What Is a Decentralized Payment Network?
A decentralized payment network refers to a system where users, customers and vendors can exchange money without having to trust any third party to keep the network secure and operational.
These networks are possible thanks to the globalization of access to the internet and are built using blockchains, which bring different degrees of decentralization, scalability and security.
Before the adoption of blockchain technology, the most decentralized payment network was cash payments. The parties involved in a cash exchange don’t need to trust anyone else to verify the transaction, as the balances of both parties rest in a physical note.
However, cash, as any physical currency, still relies on central banks and governments to maintain its legitimacy, and tackle threats like counterfeiting.
The inception of Bitcoin brought a revolution, as the cryptocurrency aims to emulate a peer-to-peer electronic cash system. In that sense, Bitcoin is a distributed payment network where every transaction is processed publicly and accessible by all nodes. That makes it less decentralized than cash, but is not centralized, as there is no central point of failure.
How Is a Decentralized Payment Network Different From a Centralized Payment Network?
A centralized payment network can be anything from a bank to a remittance company. Every bank has a private ledger filled with all the transactions made by its users.
Each bank also keeps accounts open with all other banks and central banks to enable cross-bank transfers. For instance, when someone makes an international bank transfer, the two banks involved will credit and debit between their accounts.
Banks have traditionally offered a high degree of security compared to other options available, like keeping the money under the mattress.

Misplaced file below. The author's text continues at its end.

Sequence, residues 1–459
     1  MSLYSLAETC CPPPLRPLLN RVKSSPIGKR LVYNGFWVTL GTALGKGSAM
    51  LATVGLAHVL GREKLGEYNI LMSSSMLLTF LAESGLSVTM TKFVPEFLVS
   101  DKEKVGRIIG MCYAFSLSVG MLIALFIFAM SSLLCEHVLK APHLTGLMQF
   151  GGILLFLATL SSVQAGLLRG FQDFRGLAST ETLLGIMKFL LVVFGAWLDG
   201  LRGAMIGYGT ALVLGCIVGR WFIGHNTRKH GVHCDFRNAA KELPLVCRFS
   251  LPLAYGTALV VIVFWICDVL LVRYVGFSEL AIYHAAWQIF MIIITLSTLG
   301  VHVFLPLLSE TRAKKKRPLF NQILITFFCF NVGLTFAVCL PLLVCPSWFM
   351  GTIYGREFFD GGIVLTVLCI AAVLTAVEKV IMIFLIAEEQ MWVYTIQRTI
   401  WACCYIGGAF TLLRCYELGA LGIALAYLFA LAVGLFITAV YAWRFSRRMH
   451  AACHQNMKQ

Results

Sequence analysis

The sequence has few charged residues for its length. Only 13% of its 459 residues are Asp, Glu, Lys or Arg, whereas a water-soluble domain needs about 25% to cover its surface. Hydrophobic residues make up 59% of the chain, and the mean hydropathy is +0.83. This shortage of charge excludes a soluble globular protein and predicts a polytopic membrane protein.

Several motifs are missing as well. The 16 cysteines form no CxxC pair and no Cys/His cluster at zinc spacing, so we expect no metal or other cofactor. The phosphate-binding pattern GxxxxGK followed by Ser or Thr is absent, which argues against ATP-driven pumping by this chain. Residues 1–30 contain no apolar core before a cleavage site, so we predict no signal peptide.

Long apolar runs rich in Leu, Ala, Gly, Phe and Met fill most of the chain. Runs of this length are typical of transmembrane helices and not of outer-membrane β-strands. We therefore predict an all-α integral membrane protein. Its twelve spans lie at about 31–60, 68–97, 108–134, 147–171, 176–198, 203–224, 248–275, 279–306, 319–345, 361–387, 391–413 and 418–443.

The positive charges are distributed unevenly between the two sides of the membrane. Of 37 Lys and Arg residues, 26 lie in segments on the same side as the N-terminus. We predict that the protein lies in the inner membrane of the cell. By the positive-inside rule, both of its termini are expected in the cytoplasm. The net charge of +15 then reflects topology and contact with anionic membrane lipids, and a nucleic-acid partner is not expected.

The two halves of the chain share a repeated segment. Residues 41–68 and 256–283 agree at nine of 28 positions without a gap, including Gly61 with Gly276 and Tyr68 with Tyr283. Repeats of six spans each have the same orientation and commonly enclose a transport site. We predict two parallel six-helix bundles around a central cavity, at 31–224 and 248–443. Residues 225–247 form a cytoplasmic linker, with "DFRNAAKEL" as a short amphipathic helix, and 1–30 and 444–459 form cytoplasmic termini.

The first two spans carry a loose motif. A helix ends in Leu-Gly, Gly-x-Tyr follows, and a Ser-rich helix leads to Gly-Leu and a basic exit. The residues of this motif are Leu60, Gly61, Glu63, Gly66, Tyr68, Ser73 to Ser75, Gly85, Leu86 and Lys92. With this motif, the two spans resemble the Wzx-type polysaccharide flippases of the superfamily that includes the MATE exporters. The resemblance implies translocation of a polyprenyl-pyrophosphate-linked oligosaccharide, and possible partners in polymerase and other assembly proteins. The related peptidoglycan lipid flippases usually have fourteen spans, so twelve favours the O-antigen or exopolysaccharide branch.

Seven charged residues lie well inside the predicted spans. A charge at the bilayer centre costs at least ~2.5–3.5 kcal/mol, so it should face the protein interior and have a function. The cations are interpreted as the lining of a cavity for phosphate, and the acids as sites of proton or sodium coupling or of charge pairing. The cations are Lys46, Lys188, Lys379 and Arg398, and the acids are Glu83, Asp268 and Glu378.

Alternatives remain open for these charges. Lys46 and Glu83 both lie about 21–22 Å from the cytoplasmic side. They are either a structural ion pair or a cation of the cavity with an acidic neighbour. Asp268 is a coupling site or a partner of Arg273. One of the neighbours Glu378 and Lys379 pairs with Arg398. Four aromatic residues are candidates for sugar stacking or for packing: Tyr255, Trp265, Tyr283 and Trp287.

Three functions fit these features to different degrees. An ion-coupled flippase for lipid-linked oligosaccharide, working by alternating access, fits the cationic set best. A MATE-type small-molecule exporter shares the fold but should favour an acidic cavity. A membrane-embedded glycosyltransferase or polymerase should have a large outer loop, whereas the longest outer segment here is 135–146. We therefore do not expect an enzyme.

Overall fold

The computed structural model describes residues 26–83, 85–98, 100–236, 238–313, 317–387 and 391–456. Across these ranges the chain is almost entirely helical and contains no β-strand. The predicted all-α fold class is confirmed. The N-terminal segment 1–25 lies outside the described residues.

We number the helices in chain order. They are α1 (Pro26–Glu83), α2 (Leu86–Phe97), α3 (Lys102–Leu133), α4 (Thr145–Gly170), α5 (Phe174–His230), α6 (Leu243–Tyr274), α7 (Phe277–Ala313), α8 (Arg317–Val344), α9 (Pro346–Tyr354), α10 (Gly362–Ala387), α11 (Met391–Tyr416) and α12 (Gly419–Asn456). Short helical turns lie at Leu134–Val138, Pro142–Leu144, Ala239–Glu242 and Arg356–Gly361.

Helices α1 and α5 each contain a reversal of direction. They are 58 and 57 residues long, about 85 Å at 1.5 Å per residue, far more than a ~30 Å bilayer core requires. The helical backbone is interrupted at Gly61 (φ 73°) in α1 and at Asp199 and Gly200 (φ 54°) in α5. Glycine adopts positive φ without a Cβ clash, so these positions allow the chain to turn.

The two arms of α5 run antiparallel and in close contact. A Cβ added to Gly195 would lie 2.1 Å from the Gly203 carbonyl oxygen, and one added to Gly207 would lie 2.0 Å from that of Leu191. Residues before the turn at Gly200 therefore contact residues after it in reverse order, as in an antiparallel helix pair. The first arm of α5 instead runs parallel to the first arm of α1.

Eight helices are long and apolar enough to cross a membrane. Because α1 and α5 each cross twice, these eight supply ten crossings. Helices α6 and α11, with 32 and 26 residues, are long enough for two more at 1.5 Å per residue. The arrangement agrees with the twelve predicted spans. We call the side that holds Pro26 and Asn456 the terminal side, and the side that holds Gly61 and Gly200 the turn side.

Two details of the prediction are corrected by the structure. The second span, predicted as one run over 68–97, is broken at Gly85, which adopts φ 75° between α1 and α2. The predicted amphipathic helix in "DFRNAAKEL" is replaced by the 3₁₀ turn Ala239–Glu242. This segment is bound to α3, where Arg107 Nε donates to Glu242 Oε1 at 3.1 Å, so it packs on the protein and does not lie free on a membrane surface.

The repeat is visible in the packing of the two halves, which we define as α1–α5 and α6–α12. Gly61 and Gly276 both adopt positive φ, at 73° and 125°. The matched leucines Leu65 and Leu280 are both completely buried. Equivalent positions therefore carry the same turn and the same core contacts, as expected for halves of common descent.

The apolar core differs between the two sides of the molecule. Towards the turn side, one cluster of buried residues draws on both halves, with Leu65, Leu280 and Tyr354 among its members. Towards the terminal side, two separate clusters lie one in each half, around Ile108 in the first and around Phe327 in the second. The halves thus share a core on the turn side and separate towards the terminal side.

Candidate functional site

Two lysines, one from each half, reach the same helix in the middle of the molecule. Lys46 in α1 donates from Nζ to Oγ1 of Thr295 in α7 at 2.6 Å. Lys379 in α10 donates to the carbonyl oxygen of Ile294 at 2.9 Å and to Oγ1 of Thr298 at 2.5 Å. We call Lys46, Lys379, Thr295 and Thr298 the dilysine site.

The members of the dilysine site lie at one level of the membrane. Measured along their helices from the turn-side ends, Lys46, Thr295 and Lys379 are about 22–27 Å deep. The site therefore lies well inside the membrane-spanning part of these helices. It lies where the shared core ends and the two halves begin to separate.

However, with the rise of the internet came the rise of hacks and information leaks. If a malicious actor gains access to the bank’s central ledger, they could potentially manipulate the balances of all its customers, and maybe even other banks.
Blockchains like Bitcoin and Ethereum take a totally different approach. They keep a public ledger that is continually recorded and verified by all the nodes on the network. However, the transaction records are immutable which helps to avoid fraudulent transactions.
This makes them a better option for transferring value in the digital age than banks.
What Are the Benefits of Decentralized Payments?
The main advantages of decentralized payment network over their centralized counterparts are:
1. Cheaper, more transparent, more reliable and less prone to hacks.
Although blockchains like Ethereum are usually criticized for their high fees during periods of congestion, traditional bank transfers aren’t much cheaper.
Consider an international transfer from Germany to Brazil. Not only will the users have to pay for the transfer, typically a percentage of the total amount, but they also may need to pay a currency exchange rate from euros to reais. This makes Bitcoin or Ethereum a much more user-friendly option, eliminating any intermediaries from the transfer.